BAGHDAD — The two front-runners vying to become Iraq’s next prime minister failed to get the support of an influential Shiite movement in results from a poll released Wednesday, further muddying the political situation following inconclusive March elections.

Instead, the bulk of supporters of anti-American cleric Muqtada al-Sadr, who has emerged as a kingmaker, said he should back Shiite politician Ibrahim al-Jaafari, who was interim prime minister from 2005 to 2006. Nearly as many cast ballots for one of al-Sadr’s relatives.

The Sadrists held the informal weekend poll after former Prime Minister Ayad Allawi’s secular bloc won just two seats more than incumbent Nouri al-Maliki’s coalition in March 7 parliamentary elections. With both sides far short of the majority needed to govern alone, the candidates are now scrambling to muster the support needed to form a government.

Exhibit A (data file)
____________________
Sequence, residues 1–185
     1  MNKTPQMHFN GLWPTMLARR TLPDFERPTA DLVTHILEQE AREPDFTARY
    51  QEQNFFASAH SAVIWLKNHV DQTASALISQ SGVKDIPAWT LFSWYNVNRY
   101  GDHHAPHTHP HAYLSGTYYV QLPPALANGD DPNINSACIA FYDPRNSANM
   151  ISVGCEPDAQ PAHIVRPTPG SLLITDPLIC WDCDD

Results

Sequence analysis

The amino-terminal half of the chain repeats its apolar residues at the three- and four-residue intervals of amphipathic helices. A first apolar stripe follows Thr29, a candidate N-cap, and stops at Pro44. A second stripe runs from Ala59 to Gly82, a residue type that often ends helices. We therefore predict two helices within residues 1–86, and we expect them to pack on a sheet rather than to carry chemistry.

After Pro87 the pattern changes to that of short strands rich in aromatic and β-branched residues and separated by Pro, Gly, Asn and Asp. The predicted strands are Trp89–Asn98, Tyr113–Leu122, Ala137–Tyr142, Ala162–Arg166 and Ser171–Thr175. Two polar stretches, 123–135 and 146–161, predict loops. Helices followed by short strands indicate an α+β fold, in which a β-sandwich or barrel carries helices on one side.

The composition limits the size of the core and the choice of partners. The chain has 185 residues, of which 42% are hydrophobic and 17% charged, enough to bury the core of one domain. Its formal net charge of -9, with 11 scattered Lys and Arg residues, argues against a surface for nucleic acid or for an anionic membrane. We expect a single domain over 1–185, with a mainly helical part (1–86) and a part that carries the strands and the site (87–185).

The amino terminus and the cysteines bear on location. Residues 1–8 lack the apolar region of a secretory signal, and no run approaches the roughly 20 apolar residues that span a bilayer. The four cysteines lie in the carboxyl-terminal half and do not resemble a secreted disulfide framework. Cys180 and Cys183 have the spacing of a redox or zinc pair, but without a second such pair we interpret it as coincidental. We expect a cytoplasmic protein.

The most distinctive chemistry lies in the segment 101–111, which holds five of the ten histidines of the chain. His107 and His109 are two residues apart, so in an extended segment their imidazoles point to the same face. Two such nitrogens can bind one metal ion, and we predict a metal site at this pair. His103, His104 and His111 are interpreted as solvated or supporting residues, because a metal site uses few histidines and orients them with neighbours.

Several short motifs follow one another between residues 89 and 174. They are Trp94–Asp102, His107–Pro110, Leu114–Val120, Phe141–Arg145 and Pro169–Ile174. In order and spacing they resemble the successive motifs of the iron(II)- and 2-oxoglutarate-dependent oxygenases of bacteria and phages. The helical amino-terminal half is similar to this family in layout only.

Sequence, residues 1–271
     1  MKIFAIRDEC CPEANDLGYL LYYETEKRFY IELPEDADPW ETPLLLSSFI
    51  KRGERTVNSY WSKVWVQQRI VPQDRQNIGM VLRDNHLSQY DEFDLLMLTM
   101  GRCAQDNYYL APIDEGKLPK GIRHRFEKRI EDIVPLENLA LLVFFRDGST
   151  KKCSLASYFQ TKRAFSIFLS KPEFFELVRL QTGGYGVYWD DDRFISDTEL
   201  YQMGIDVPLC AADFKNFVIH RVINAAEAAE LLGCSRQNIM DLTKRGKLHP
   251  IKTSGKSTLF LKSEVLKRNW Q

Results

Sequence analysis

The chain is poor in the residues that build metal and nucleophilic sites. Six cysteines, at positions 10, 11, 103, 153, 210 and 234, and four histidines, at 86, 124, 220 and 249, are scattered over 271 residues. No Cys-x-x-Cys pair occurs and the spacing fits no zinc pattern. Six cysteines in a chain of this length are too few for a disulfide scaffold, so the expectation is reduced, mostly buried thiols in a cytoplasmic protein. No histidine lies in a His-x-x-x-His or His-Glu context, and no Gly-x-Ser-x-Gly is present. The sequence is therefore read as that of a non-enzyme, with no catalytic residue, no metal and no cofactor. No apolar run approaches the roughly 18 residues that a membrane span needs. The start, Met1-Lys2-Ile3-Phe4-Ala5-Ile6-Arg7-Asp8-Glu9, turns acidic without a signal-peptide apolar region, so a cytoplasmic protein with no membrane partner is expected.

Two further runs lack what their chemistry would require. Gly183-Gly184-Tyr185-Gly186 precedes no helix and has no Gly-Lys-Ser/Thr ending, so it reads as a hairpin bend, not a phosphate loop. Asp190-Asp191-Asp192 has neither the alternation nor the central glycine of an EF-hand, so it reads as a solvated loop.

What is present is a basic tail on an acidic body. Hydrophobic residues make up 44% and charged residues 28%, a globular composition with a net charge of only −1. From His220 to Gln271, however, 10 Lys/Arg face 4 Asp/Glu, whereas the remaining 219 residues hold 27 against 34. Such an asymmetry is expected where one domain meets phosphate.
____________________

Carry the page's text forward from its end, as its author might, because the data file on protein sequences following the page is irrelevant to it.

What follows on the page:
Al-Sadr became key to those efforts after his followers won at least 39 seats in the 325-seat parliament, up 10 seats from their current standing. That makes them the largest bloc within the Iraqi National Alliance, a Shiite religious coalition that placed third in the race.

Al-Sadr’s spokesman Salah al-Obeidi announced left open whether al-Sadr would follow the guidance of his supporters in the course of negotiations, which are expected to take months.

The poll was widely viewed as a way for the cleric to give himself the opportunity to back someone other than al-Maliki, under the guise of following the people’s will.

Al-Maliki and Allawi received only 10 percent and 9 percent of poll votes respectively.

Al-Sadr’s relative Mohammed Jaffar al-Sadr got 23 percent, senior Sadrist politician Qusay al-Suhail got 17 percent, and a handful of others split the remainder of the ballots.